This was the text today from my wife.

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She’s really good at checking in, and really good at knowing the exact right moment to ask me this question. And she also completely understands when this is how the conversation continues…

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It’s the question we get all the time. And sometimes I answer “I’m OK”, and sometimes that’s almost the truth. Then there are days like today. Today sucked. It was hard as hell to make it through work. And I try to figure out why, and I realize that the fact is, there is no real answer.

It was hard because our son died.

It was hard because while I was getting updates on Nolan’s trip to the park and his cuddle session with mommy I WASN’T getting updates on how Simon’s naps were today or if he was eating, or pooping, or…whatever.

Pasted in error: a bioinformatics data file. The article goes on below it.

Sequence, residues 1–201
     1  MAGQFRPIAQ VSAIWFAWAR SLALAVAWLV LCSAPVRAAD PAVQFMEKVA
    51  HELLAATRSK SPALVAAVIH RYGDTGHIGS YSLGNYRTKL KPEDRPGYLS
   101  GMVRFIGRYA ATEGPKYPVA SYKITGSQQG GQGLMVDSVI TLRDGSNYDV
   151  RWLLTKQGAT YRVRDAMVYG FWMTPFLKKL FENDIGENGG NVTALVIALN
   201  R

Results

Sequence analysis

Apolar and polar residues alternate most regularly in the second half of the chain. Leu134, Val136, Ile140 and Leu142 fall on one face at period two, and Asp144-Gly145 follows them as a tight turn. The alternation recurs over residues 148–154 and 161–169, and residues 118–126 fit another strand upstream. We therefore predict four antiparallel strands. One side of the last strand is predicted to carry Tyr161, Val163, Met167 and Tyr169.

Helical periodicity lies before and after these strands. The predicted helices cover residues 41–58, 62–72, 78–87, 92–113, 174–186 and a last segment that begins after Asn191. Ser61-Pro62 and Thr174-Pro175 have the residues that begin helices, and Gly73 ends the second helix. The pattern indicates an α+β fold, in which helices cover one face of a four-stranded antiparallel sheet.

Every day is hard. Some days I just don’t have those little everyday thoughts pop into my head as much that remind me of what we’re missing. What we’re missing is utterly devastating, and I can’t imagine a life when it ceases to be so.

Every moment we don’t have what we were so close to having, what we SHOULD have is hard.

So I shut myself in my edit bay a couple more times than normal today to cry. And I ran a little faster at lunch to try to sweat out some of the pain (and to try to beat the impending rain). And I did my best.

But today was hard. And it won’t be the last time. I hope in time that days like today will be easier to manage, but I know they won’t stop. Because we’ll never have Simon.

To Tera on Mother’s Day

You’re stronger than you should ever need to be.

Your tears and grief show the absolute, unending love that you have, and will always have for Simon. They show your heartbreak and your emptiness. Your longing for our situation to change. To go back in time to before the worst, most painful night of our lives.

I, we, have dreamed of the day that we would celebrate you as the mother of our two children. And today we do. That makes the heartbreak even more real and even more raw not having one of them to hold, to dote on, to care for on YOUR day.

This Mother’s Day is a reminder of what we don’t have.

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But it’s also a reminder of what we do.